Friday, November 6, 2009

Words, Words, Words from Brene Brown

"We live in a world where life can easily become pageantry, and the best performers make it look balletic and effortless. Of course, there's no such thing as an effortless holiday show. If you sneak a peek behind most people's red velvet curtains at holiday time, you'll often see houses brimming with anxiety, maxed-out credit cards, crying children, and marriages that make the cold war look warm and fuzzy.

"I'm convinced that the only way out of this is by cancelling the show. Not cancelling the holiday, but giving up the show." Brene Brown,
Ordinary Courage

Every Christmas for the last three years, I've experimented with giving up the show. Last year, shocking as it sounds, I didn't even bake cookies. Believe it or not, we had a great Christmas anyway. As we gear up for the holiday season this year, I'm making sure that we have time to do fun things, as a family, and focus on only those holiday traditions that help enhance the season and opting out of whatever makes it more stressful. For every holiday "thing" I do, I'm stopping and asking myself, "Is this necessary? Do we HAVE to do this? Who says so?"

Some things I'm simplifying:

1. Simplifying gift wrapping with plain white paper and fun ribbon and simply stamped avery address labels instead of gift tags (only Santa will use printed paper!).
2. Making/buying gifts to ship that fit in small priority mail boxes, which are already at home and ready to fill.
3. Putting money in a pocket of my purse for adding to every Salvation Army bucket I pass.
4. Limiting my outdoor decorating to a wreath on the front door.
5. Limiting my indoor decorating to a few special things (like the ceramic nativity set my mother made) and a tree.

Some things won't change:

1. Cards made by me and a Christmas letter written by George. (I spent way too much time this year making Christmas cards not to mail them, LOL!).
2. Going with the family to chop down a Christmas tree at a local Tree farm.
3. Making sugar plums with the kids to give as gifts to friends and neighbors.
4. Putting out all the Christmas books and reading them with the boys.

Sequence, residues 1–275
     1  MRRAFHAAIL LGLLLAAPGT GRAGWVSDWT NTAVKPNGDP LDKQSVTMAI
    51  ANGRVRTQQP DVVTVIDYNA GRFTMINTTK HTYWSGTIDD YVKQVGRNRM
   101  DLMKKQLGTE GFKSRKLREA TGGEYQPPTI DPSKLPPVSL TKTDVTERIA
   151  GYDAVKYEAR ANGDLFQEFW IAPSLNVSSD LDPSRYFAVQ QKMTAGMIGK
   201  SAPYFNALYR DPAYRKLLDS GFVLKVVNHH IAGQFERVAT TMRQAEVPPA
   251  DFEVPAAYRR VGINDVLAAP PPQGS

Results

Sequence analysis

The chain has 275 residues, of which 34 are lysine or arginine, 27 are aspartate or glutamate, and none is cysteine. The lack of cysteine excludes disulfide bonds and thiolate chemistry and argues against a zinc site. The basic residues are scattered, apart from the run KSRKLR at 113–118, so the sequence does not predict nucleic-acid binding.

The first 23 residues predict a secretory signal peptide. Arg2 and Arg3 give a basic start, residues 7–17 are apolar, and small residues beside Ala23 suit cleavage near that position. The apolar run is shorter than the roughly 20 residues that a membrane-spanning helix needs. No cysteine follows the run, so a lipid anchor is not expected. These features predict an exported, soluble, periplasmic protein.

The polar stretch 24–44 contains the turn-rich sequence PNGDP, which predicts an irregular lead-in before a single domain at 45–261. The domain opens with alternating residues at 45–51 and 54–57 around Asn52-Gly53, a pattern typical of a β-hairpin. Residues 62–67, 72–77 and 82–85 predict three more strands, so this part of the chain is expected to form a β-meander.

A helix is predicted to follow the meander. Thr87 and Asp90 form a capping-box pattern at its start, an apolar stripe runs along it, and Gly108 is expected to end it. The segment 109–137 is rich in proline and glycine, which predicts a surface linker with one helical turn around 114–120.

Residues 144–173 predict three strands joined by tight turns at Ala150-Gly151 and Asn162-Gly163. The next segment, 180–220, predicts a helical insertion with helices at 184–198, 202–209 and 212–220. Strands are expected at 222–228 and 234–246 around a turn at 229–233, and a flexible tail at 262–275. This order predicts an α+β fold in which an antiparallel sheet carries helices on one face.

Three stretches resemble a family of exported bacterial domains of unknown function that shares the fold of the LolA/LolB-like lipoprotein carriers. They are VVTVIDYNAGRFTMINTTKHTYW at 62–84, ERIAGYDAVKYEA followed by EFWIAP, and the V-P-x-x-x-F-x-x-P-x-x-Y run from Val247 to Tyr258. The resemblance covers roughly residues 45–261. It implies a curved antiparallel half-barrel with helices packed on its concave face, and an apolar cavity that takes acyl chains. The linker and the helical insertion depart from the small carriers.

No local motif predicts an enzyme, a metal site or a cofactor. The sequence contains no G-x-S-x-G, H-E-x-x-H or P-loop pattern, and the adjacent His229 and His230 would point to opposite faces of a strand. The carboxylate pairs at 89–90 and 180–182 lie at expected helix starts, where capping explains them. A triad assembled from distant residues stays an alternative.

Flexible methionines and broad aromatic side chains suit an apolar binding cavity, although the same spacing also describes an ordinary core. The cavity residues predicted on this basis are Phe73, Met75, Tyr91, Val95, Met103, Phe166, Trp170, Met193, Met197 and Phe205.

5. Welcoming Chris, our Elf on the Shelf, each morning as he returns from reporting to Santa at the North Pole.
6. Contributing to the Giving Tree and Shoebox ministry at our church.

Do you feel the urge to opt out of the show? What can you let go of or change to make Christmas (or whatever winter holiday you celebrate) more meaningful and peaceful, more centered and less commercial? I'd love to hear your ideas!


  1. How about leaving town? I too have been desperate to drop some things I feel I must do rather than disappoint people. This year we're thinking about going to Palm Springs and enjoying Christmas in a whole new way!

  2. We do it to ourselves!!!!!! But what would Christmas be without all those traditions YOU started because YOU wanted Christmas to meet YOUR expectations for a glorious time of year?

    I've focused on trimming kitchen folly away. Who needs the calories of fudge, toffee, and candied nuts anyway? And about the turkey gravy? Is there anyone who would know if you froze gravy bought from Kentucky Fried Chicken this week and served it with your holiday turkeys? Ditto the KFC baking-powder biscuits!

    The best tip I got for changing gift-giving I got from Late Blossom; 10 panel-cards in a clear box make SUCH a welcomed gift, even for kids who need to learn early the fine( and almost lost), art of sending thank-you notes.

    And we'll be helping serving Christmas dinner at The Upper Room. Not really much of a sacrifice since it's never served on the actual day of Christmas, unfortunately.

    Thank you Susan!

  3. Love your ideas. I gave up the things that add too much stress and not enough joy a couple of years ago. We basically only do things that either add joy to our own lives or to the lives of others. I don't stress over gifts--it is a gift I give with my heart, you can either like it or not, but I gave it to you with a lot of thought and care. Growing up my family would try and set a number value on every gift given and would complain is so and so spent five dollars more on another kid than theirs. My niece loves coloring pencils and paper. Doesn't cost a lot, but those reams of copy paper she gets from us every year makes her one happy little girl.

    Gift giving had gotten out of hand with our friends a few years ago. Now our gift to each other is a night hanging out at one of our houses just sitting and talking, maybe a movie. Dinner and snacks are potluck and it's okay if all your bring is tortilla chips or if you spent three days making cookies.

    My philosophy in life is about time. No matter who you are, or what you do, you only have 24 hours in your day. Giving someone the gift of your time is the most valuable thing you can give.

  4. I have been steadily scaling back on Christmas for the last ten years. I used to decorate every room in the house, host a holiday open house, do a cookie exchange, do multiple charitable projects, and attend the local parade, the nutcracker, the festival of trees, the gingerbread house displays etc, etc, etc. Now decorations consist of a wreath on the door, a nativity, and the tree. We only attend our local parade and skip all the choral performances, the ballet, and the tree/gingerbread events. I don't bake any cookies but I make a cake for Christmas Eve. I no longer host holiday parties but we still drive around looking at Christmas lights and walk through our very quaint, historic downtown at night. I make some (not all) of my cards and have given cards as gifts too, though this year I'm taking a break from giving them as gifts.


Thanks so much for taking time to comment!